Bloomberg the Company & Products

Bloomberg Anywhere Login

Bloomberg

Connecting decision makers to a dynamic network of information, people and ideas, Bloomberg quickly and accurately delivers business and financial information, news and insight around the world.

Company

Financial Products

Enterprise Products

Media

Customer Support

  • Americas

    +1 212 318 2000

  • Europe, Middle East, & Africa

    +44 20 7330 7500

  • Asia Pacific

    +65 6212 1000

Communications

Industry Products

Media Services

Follow Us

Former Oklahoma Governor Keating to Head Banking Trade Group

Don't Miss Out —
Follow us on:
Oklahoma Governor Frank Keating
Frank Keating, pictured here as Governor of Oklahoma. Photographer: Michael Smith/Newsmakers

Nov. 23 (Bloomberg) -- One of the largest bank lobbying groups in Washington has named the Republican former governor of Oklahoma to lead its campaign to shape the implementation of the Dodd-Frank Act.

Frank Keating, 66, has been named the next chief executive officer of the American Bankers Association. Keating, who served in a similar capacity for the American Council of Life Insurers, will take the reins of the Washington-based trade group on Jan. 1 when Edward Yingling, the current president and CEO, retires.

“Coming out of the financial crisis, we are entering a period of great change for our industry,” Stephen P. Wilson, the ABA’s chairman, said today in a statement. “We wanted a strong, proven leader and consensus builder who will listen to the concerns of bankers and be a dynamic champion for our industry during this critical time.”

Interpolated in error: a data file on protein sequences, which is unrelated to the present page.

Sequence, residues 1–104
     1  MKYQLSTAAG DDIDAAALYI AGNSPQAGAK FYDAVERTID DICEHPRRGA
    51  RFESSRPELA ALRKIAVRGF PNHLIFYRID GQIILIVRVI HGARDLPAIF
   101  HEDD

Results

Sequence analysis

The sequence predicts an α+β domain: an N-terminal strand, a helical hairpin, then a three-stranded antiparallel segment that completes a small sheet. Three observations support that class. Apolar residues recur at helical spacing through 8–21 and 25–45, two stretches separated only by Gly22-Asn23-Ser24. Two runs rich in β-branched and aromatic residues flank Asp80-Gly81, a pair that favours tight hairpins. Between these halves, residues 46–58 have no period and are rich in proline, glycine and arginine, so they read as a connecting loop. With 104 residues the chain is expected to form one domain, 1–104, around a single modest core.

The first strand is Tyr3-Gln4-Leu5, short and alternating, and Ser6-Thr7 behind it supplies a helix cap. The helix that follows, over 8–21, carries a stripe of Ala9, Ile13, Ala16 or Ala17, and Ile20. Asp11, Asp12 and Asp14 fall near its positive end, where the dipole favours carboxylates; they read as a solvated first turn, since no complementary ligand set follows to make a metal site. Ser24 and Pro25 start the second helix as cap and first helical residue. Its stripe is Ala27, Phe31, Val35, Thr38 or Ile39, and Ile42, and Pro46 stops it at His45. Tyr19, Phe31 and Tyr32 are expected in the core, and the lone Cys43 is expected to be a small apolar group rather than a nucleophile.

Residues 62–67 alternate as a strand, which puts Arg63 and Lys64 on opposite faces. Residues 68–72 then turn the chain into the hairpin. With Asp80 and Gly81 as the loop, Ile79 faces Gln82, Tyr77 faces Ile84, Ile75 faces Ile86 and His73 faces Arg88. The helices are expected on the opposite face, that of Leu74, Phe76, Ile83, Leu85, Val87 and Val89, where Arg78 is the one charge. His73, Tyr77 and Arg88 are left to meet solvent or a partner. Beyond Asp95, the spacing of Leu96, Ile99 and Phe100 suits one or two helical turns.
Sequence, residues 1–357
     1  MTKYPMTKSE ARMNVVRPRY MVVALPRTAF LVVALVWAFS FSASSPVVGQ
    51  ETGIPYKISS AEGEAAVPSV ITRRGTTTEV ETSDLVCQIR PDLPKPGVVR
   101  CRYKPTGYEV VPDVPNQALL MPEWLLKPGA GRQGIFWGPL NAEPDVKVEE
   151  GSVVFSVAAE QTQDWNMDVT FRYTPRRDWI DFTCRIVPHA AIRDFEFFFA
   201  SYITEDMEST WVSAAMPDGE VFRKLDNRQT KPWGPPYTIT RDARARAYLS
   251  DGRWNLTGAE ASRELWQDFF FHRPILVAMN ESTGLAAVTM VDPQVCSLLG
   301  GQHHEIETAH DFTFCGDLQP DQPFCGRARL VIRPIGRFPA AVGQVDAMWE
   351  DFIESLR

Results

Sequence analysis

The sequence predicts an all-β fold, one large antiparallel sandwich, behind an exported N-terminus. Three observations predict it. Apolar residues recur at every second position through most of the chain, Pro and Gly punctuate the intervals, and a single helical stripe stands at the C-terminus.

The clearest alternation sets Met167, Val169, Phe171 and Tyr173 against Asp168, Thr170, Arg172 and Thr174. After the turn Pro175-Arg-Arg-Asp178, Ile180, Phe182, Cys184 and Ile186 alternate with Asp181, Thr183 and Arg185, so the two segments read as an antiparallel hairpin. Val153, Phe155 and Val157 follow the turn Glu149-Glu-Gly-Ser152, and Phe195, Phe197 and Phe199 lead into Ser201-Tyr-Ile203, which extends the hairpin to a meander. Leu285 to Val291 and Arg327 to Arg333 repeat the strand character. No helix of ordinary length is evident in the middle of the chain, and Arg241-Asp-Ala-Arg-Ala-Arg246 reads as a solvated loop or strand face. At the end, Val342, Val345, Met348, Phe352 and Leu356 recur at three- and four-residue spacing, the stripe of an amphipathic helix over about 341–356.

Wilson, in the statement, said Keating was the “unanimous choice” of the search committee.

The ABA, one of the most prominent industry lobbying groups in Washington, represents banks of all sizes. It is in the midst of a campaign to shape the implementation of the Dodd-Frank financial-regulation law enacted this year. The industry group opposed much of the final law, specifically the newly created Consumer Financial Protection Bureau.

The new law “contains a tsunami of new rules and restrictions for traditional banks that had nothing to do with causing the financial crisis in the first place,” Yingling said in a statement the day the President Barack Obama signed the bill into law.

To contact the reporter on this story: Phil Mattingly in Washington at pmattingly@bloomberg.net.

To contact the editor responsible for this story: Lawrence Roberts at lroberts13@bloomberg.net

Please upgrade your Browser

Your browser is out-of-date. Please download one of these excellent browsers:

Chrome, Firefox, Safari, Opera or Internet Explorer.